Definitely give this place a try
and have Google translate at the ready.

And damn, that Lime Jarritos was good. I’ve only had the tamarind and orange flavors up until now.

Here’s a shitty shot of the menu.

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Posted by on June 11, 2017 in Eats Reviews, Mexican

 

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First Try at “Sushi” From Scratch: Notes for the Future

Disclaimer: I have previously taken one sushi making class, but this is my first time attempting it at home from scratch. The most important takeaway (more like the only one I remember, lol) from that class was “keep your hands moist so the stupid rice doesn’t stick!”

This set “only” took a small blood sacrifice and 2.5 hours of my time to make from start (washing the rice) to this… attempt at plating. >_> Don’t give me shit about the tray. Let’s just call it traditional? Because vermillion is a traditional Japanese color. Do I at least get a point for making it semi presentable?

  • Back Row: Gunkanmaki with (fail) salmon roses  on top of a bed of to tobiko (flying fish roe) and slivers of green onion for garnish
  • 3rd Row: Makizushi with salmon and tobiko
  • 2nd Row: Gunkanmaki with battered, pan-fried spam, toasted white sesame seeds,  tobiko and green onions again; + slice of the salmon maki roll that wouldn’t fit in the 3rd Row
  • 1st Row: Pigs in a blanket.  (Egg fried spam + green onion + a finger of rice. spam IS mostly pork, AKA pig)
  • Right: Salted, seared beef tongue makizushi with, guess what!!!!! Green onions and toasted white sesame  seeds

The takeaway? I like green onion and it grows very well in my backyard so I spam it  in my “cooking” hehhehheh.  I was trying to keep things simple by reusing only a limited number of ingredients. The most expensive thing in here is not the salmon, but the flippin’ beef tongue. The pre-sliced stuff rivals gold, price per ounce (not really). However my sister looooves that stuff, tongue not gold thank god, and this was for her birthday dinner since we were too busy to go out. Plus I’m really fond of it too.

My first roll (as represented by that lone slice piece  in row 2 was waaaay off in terms of rice ratio seeing as the filling wasn’t centered. However, I mostly got it down and was decently pleased with myself by the last roll (see the left beef tongue cross slice). I do not have a mat and this set was made without one so it is definitely possible to make sushi without it. From what I learned it’s mostly just for final shaping before plating.

The tub of tobiko required a blood sacrifice to open. Watch those nasty, sharp plastic edges 😛

Rice and Seaweed
Obviously, I bought the seaweed sheets. Did not make them from scratch.

I used this recipe for cooking the sushi rice and making the sushi vinegar, going with the version that uses 4 tbsp of rice vinegar, 1 tsp of salt and 2 tbsp of sugar. I nuked the solution twice in 15 second intervals to get everything dissolved before drenching the rice.

The above pictured spread is the results of  2 cups of sushi rice and 8 sheets of seaweed (which turned out to be way excessive). The birthday girl and my dad “helped” me fit it all of it onto the platter you see by “disposing” of several pieces.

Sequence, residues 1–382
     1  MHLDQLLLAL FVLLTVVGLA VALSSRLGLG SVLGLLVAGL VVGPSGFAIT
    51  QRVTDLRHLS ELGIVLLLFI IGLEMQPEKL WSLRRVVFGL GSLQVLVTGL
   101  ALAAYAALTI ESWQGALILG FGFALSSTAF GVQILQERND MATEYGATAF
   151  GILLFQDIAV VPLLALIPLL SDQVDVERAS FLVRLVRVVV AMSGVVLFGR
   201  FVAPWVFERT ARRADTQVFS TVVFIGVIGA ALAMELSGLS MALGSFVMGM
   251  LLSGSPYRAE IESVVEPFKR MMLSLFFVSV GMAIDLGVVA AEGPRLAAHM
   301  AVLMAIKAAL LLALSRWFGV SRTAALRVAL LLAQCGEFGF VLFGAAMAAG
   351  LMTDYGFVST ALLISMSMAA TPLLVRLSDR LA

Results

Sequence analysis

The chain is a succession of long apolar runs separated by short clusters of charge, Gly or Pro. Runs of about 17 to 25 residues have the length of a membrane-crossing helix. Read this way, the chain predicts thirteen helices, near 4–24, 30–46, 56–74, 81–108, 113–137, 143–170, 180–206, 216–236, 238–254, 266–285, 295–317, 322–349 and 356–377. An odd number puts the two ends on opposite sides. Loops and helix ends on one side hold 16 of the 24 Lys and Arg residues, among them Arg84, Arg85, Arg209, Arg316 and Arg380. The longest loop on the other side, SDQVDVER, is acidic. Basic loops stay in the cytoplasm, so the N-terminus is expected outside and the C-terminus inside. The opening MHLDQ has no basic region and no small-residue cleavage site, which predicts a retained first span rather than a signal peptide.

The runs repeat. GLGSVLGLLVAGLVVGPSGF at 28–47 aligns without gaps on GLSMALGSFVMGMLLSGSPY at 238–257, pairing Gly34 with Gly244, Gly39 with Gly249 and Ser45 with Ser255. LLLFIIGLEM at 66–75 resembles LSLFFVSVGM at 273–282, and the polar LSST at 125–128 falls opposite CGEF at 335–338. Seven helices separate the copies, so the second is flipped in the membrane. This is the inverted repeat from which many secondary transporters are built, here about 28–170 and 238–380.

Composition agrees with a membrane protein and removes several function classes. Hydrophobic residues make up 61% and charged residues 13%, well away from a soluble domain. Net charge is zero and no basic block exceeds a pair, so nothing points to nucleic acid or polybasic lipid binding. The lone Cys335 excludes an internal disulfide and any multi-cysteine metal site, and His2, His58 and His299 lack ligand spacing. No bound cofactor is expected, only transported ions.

If you can’t find “sushi rice” aka Japanese hulled short-grain rice at a resolvable price, I have a substitution for you  in the next paragraph. By the way, “first crop” rice is highly, highly preferred for the moisture absorption properties to make the grains tender and properly sticky. if you use non-first-crop or rice that’s been sitting around for a while, add more water in the cooking pot.

This is an acceptable, functional mix that i have found: 3 parts short-grain, sweet rice (aka glutinous rice, not to be confused with Japanese short grain rice) to 1 part medium grain CalRose Rice. Make sure that you BLEND the rice well AFTER washing/rinsing as the grains tend to sort themselves and settle for size. You want the mixture to be as homogeneous as possible when you add water and put it to cook.

To answer some questions:

  • The 3:1 ratio is by volume not weight. be consistent in the way you pack the measuring cup.
  • 2:1 is not sticky enough.

Update: Round 2

I made more sushi, again, the day after and changed the components ratio of the sushi vinegar a bit and found that I preferred the taste of the resulting sushi rice. For 4 tbsp of rice vinegar I added  1 tbsp + 1 tsp of sugar, 1 tsp of salt and 1 tsp of fish sauce (the three crabs brand).

2 cups of rice is juuuust enough to go with 6 sheets of seaweed and make 7 rolls. I trimmed 1.5 inches off each of the seaweed sheets (8 x 7.5 inches) off the longest side then overlapped and “glued” the trims back together with a carpet of rice for the last, 7th roll

This is not quite enough to feed a family of four so I will need to cook three cups of rice next time and slap it all on top of 9 sheets of seaweed.

**Another Round: My Favorite Variation

2. 5 Tbsp white cane sugar

0.5 Tbsp Fish Sauce (Three Crabs Brand)

0.5 Tsp salt

2 Fl Oz Rice Vinegar (Marukan)

This variation is a little sweeter and pairs well with briny or salty,  rich things. Not so great with just cucumber maki or tamago yaki though. Rice probably needs another half tsp of salt for those items.

I doubled the sushi vinegar for double rice (4 cups). Feeds 6 with plenty to spare.

Things to Try

Shinode Sushi Rice

Tamanishiki Super Premium Short Grain Rice

Heng Shun white rice vinegar

More play with the sugar amount and maybe types of sugar.

 
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Posted by on May 15, 2017 in Exotics, How to Food